NHS Louisa Jordan

NHS Louisa Jordan
NHS Scotland
NHS Louisa Jordan.jpg
(c) Thomas Nugent, CC BY-SA 2.0
Facade of the SEC Centre with NHS Louisa Jordan branding in January 2021
LocationExhibition Way
G3 8YW
Coordinates55°51′39″N 4°17′17″W / 55.86085°N 4.28812°W / 55.86085; -4.28812Coordinates:55°51′39″N 4°17′17″W / 55.86085°N 4.28812°W / 55.86085; -4.28812
Care systemNHS Scotland
TypeCOVID-19 critical care
Beds300 initially, up to 1000 as needed
Opened19 April 2020
Closed31 March 2021

The NHS Louisa Jordan was a temporary emergency critical care hospital created to deal with the COVID-19 pandemic in Scotland. It was located within the SEC Centre in Glasgow.[1]


Interior of the Hydro, as used as a vaccination clinic in May 2021

Operated by NHS Scotland, it was planned to have an initial capacity of 300 beds, and the capability of expanding to accommodate 1000.[2] It became operationally ready on 19 April 2020,[3] and was officially opened via video by Princess Anne on 30 April 2020.[4]

The hospital was partially repurposed to allow other activities to take place; in August 2020 it was announced that the hospital would be kept open throughout the winter. It was being used as a training hub, along with holding orthopaedic and plastic surgery outpatient consultations.[5] NHS Louisa Jordan hosted COVID-19 vaccine clinics from 8 December 2020.[6]

The hospital's last day of operation was 31 March 2021 and its mass vaccination clinic relocated to the OVO Hydro.[7] The last day of the vaccination clinic was 18 July 2021.[8]


The facility was named after Scottish nurse Louisa Jordan, who died in service during the First World War in the Serbian typhus epidemic.[9]

Jordan's family members were grateful for the naming of the hospital. Her great nephew Murray Crone stated: "The members of our family have been very touched by the dedication, as we have been familiar with her story for many years. It is so pleasing that she would be chosen now as a representative of all the volunteers in the Scottish Women’s Hospital during WW1, coping with a Typhus epidemic in Serbia. And, of course, also representing all the present day medical workers doing their utmost at this time, fighting against Covid-19."[10]

Former Labour MP Douglas Alexander criticised the SNP-led Scottish Government over the naming of the facility, as it did not use the NHS Nightingale Hospitals naming convention which, at the time of completion, had been used to refer to all COVID-19 relief hospitals in the rest of the United Kingdom.[11][12][13] NHS Wales similarly decided not to use the Nightingale convention and later adopted the name Dragon's Heart Hospital for its primary COVID-19 field hospital following a public consultation.[14]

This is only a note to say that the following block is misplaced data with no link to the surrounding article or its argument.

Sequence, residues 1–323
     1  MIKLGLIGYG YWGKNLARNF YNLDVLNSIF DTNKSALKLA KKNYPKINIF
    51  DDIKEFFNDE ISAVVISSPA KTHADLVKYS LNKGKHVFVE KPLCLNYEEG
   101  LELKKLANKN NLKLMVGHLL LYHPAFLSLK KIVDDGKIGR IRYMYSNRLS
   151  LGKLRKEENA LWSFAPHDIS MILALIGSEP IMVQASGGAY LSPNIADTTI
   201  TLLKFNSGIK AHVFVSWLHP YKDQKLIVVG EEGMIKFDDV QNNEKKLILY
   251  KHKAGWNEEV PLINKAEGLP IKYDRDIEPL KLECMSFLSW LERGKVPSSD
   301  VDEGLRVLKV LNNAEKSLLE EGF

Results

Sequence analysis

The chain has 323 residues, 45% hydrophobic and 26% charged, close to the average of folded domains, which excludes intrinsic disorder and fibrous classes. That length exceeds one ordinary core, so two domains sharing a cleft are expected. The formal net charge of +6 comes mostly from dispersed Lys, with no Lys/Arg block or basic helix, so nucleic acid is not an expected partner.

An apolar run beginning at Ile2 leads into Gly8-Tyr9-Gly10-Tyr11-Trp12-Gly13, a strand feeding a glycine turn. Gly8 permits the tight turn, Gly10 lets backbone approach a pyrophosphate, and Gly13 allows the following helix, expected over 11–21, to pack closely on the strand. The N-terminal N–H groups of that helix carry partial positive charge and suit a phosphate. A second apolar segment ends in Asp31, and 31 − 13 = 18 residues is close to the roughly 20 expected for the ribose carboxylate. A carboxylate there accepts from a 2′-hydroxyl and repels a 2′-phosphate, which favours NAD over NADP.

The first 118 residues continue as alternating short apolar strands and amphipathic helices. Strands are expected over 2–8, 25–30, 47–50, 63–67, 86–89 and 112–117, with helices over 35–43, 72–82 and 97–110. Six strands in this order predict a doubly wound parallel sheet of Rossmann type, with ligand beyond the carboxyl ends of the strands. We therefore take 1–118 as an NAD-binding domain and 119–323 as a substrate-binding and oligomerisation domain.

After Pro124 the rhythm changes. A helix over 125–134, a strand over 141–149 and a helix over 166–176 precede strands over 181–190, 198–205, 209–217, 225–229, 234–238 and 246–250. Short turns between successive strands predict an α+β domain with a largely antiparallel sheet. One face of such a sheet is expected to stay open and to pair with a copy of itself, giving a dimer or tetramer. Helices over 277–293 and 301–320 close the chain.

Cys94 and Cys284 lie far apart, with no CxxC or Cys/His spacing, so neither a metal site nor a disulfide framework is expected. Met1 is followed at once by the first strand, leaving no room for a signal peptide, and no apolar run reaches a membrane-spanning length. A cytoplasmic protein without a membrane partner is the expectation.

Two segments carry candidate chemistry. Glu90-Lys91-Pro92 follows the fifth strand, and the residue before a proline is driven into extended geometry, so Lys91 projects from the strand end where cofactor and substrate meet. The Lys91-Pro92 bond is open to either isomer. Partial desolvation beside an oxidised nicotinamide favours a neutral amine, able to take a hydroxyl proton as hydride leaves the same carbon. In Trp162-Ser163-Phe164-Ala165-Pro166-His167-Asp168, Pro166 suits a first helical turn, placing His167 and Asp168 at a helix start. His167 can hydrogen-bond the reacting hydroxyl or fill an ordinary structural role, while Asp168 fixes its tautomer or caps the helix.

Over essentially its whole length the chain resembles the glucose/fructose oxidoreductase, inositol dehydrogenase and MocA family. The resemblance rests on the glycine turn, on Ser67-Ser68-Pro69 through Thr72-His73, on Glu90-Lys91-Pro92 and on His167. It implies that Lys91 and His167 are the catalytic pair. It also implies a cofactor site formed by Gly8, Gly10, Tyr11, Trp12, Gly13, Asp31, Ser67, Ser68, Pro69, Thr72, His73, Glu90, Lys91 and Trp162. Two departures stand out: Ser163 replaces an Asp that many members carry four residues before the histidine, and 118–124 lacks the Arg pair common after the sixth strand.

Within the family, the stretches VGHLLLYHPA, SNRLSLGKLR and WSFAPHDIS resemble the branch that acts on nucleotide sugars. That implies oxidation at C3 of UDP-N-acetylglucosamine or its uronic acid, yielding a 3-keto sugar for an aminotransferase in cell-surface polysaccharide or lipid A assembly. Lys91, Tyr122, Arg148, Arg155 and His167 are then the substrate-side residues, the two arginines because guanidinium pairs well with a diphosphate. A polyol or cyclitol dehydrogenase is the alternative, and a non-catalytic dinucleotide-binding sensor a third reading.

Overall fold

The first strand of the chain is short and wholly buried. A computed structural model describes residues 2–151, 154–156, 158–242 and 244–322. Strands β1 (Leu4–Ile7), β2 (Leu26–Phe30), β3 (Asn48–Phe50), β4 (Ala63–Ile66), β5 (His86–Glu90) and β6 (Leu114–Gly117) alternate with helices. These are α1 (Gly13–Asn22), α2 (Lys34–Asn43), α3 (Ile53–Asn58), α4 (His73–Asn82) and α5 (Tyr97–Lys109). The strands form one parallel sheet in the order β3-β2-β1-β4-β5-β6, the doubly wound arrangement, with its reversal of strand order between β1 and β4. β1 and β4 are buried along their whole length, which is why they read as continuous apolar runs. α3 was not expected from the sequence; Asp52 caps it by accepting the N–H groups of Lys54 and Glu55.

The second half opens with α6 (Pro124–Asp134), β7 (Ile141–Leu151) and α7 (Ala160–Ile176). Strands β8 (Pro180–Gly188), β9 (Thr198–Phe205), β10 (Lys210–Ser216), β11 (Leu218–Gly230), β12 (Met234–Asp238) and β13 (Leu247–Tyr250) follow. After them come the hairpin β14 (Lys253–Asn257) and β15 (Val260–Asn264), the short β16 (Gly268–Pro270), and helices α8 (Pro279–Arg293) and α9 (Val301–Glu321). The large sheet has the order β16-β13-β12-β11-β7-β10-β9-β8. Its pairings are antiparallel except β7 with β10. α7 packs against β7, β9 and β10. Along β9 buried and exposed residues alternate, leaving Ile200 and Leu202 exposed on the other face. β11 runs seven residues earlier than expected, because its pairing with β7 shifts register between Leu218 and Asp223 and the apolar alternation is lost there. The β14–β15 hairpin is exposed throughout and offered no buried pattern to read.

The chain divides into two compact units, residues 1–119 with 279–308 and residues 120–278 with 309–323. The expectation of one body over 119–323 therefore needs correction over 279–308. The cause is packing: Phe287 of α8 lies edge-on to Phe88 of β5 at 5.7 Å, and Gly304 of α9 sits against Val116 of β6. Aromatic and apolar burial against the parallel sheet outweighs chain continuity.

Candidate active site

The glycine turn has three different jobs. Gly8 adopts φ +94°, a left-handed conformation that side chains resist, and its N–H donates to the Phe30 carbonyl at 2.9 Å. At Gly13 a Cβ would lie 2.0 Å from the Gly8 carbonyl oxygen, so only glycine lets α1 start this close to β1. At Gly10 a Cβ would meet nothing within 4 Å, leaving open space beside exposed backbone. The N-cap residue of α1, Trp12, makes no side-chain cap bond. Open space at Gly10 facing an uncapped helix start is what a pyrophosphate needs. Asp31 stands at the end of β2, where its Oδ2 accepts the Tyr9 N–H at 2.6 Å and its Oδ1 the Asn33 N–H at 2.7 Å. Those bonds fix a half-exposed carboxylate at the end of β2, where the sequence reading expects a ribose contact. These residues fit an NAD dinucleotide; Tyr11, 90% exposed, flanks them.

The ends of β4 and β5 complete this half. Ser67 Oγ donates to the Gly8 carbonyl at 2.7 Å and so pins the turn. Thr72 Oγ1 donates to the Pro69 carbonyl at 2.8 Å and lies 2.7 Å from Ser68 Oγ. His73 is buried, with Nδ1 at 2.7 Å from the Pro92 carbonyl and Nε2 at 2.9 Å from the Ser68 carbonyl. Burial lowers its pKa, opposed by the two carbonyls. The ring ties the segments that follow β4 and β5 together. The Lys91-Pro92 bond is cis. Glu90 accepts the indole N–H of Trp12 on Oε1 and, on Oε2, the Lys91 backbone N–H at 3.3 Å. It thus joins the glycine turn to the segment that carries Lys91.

1. ^ "NHS Louisa Jordan". Scottish Government News. 1 April 2020.
  2. ^ "Temporary COVID-19 medical facility". Scottish Government News. 1 April 2020.
  3. ^ "Construction of NHS Louisa Jordan complete - gov.scot". www.gov.scot. Retrieved 1 May 2020.
  4. ^ "Princess Anne gives royal seal of approval to NHS Louisa Jordan". www.scotsman.com. 30 April 2020. Retrieved 1 May 2020.
  5. ^ "NHS Louisa Jordan". nhsnss.org. Retrieved 18 January 2021.
  6. ^ NHS Louisa Jordan ‘to stay open’ over winter 4 August 2020, www.healthandcare.scot, accessed 23 October 2020
  7. ^ "NHS Louisa Jordan Hospital closes today". NHS Louisa Jordan. Retrieved 19 July 2021.
  8. ^ "Glasgow's NHS Louisa Jordan has closed its doors for good". HeraldScotland. Retrieved 19 July 2021.
  9. ^ "The nurse lending her name to new virus hospital". BBC News. 1 April 2020.
  10. ^ "Louisa Jordan's relatives 'very touched' to see new hospital open". The National.
  11. ^ Smith, Craig (2 April 2020). "Coronavirus: 'Please just stop it' – NHS Fife chair calls for end to hospital naming row". The Courier.
  12. ^ "Unionists fume over decision to name coronavirus hospital after a Scot". The National. 2 April 2020.
  13. ^ "SEC: Row emerges over 'Louisa Jordan Hospital' amid #NightingaleGlasgow 'snub'". Glasgow Times. 2 April 2020.
  14. ^ "Stadium hospital planned 'at breakneck speed'". BBC News. 9 April 2020. Retrieved 16 April 2020.

Media files used on this page

Rod of Asclepius2.svg
Author/Creator: , Licence: CC BY-SA 3.0
Rod of Asclepius
Flag of Scotland.svg
Flag of Scotland. Ratio 3:5. The blue used is "royal" blue (Pantone 300), following the Scottish Parliament's recommendation of 2003. See also the traditional colour: Flag of Scotland (traditional).svgFlag of Scotland (traditional).svg.
SARS-CoV-2 without background.png
This illustration, created at the Centers for Disease Control and Prevention (CDC), reveals ultrastructural morphology exhibited by coronaviruses. Note the spikes that adorn the outer surface of the virus, which impart the look of a corona surrounding the virion, when viewed electron microscopically. A novel coronavirus, named Severe Acute Respiratory Syndrome coronavirus 2 (SARS-CoV-2), was identified as the cause of an outbreak of respiratory illness first detected in Wuhan, China in 2019. The illness caused by this virus has been named coronavirus disease 2019 (COVID-19).
SARS-CoV-2 (Wikimedia colors).svg
Author/Creator: Geraki, Licence: CC BY-SA 4.0
SARS-CoV-2 logo in Wikimedia colors
NHS Louisa Jordan SEC Hydro interior 1.jpg
Author/Creator: Lirazelf, Licence: CC BY-SA 4.0
Interior of the Glasgow SEC Hydro, during its use as a mass vaccination centre in 2021
NHS Louisa Jordan.jpg
(c) Thomas Nugent, CC BY-SA 2.0
NHS Louisa Jordan